There’s a new reviewer in town. Claire Fayers squares off against the latest offering from fantasy and horror writer Gary Greenwood. Who will be left standing?
Western crossovers seem to be gaining in popularity. First we had Western-martial arts comedy (Shanghai Noon), then Korean Western (The Good the Bad and the Weird). Cowboys and ninjas fought in The Warrior’s Way and, as I write this, Harrison Ford is doing battle in Cowboys & Aliens.
Kingston to Cable by Gary Greenwood takes the Western, shakes it up a bit and dumps it in a fantasy setting. The world is one of isolated towns separated by vast expanses of inhospitable territory and the opening scene is the most classic of all Western classics: a stranger rides into town.
Or, rather, a Stranger. In Kingston, Strangers are a recognised class – wanderers with names such as Slake and Hook and Justice. They stay in the town Station, drink in the town bar, stay for a few days or a few weeks, and move on. Some of them are pursuing their own agendas, some just appear to enjoy causing trouble. Many are reputed to have magical powers, which explains the townspeople’s reluctance to get involved with them.
The first few chapters of the book are more like linked short stories, each giving a different glimpse into this world. As the story progresses, however, the action becomes more sequential and a set of main characters emerge. From the time that a Stranger arrives in the town of Cable, changing the life of one townsboy forever, to a grand climax in the town of Kingston, the story wends its way through a tangle of superstitions, religions and gods all completing to come out on top.
There is much to like in this book. The Western setting works well and the opening chapters set up the main themes with broad and dextrous brush strokes. The gradual unfolding of a mythology is good, as is the nature of the gods – minor deities rather than grand, omnipotent beings – but one thing that bothered me was the lack of motivation in both people and gods. Some characters appear to act almost entirely without cause and for others the motivation, when it becomes clear, falls a little flat. This wasn’t a problem in the early chapters when we are getting random glimpses of events but as the story began to pull together I wanted to be more interested in the characters, to care more about whether they succeeded or failed.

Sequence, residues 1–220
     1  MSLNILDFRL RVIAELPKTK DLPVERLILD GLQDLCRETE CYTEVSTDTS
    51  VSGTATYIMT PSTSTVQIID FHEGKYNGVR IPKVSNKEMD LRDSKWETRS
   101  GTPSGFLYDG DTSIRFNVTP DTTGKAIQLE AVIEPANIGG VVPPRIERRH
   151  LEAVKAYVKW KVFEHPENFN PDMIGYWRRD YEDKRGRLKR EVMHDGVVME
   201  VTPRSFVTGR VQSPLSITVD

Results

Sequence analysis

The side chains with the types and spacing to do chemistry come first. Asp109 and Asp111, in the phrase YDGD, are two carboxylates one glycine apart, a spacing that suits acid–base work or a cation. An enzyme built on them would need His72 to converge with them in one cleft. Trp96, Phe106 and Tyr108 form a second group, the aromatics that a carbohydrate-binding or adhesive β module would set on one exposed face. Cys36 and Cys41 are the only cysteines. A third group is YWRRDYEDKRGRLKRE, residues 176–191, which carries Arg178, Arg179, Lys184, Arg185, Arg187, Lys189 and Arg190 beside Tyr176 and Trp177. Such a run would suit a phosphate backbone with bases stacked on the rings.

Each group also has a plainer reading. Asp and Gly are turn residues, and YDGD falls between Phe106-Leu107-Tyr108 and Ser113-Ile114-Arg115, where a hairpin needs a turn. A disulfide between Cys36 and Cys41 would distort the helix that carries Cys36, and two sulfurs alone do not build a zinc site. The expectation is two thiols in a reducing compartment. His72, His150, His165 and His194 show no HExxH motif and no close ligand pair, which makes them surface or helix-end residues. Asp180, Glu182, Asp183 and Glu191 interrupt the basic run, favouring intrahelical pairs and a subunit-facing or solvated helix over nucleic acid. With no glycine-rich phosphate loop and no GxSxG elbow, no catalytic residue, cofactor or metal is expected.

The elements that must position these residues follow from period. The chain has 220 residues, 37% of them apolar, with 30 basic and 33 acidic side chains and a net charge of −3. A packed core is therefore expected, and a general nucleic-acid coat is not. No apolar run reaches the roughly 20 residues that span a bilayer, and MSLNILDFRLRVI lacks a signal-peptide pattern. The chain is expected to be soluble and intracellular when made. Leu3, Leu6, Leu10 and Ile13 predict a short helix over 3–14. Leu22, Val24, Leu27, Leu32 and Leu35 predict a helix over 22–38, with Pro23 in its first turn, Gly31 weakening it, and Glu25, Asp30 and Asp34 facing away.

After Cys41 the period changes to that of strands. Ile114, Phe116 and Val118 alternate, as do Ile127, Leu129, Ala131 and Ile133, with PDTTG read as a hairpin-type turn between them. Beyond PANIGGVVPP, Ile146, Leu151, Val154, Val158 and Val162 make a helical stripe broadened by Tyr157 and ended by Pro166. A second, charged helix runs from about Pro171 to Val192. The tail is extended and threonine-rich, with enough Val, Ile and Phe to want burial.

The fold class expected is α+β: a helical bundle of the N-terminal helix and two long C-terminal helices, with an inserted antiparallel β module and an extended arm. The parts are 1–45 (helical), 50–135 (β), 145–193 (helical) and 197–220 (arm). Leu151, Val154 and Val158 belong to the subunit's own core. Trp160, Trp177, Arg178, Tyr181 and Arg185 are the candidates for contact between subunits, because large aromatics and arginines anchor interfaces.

I did find myself struggling to ‘place’ the world at times. The strong Western flavour made me assume that this was an alternative 19th century America. It soon becomes apparent that the geography is completely different, and yet one of the gods come directly out of Christianity and another comes out of Norse mythology. So is this an alien planet with remnants of Earth history, or is it an entirely imaginary fantasy realm that just happens to share some similarities with our own history?
I think it’s best taken as the latter and accepted for what it is without asking too many questions. If you can do that, the book is a good, fast-paced read combining some interesting ideas with plenty of blood-soaked action scenes, all served up with a scattering of pure weirdness.
Title: Kingston to Cable
Author: Gary Greenwood
Publisher: Pendragon Press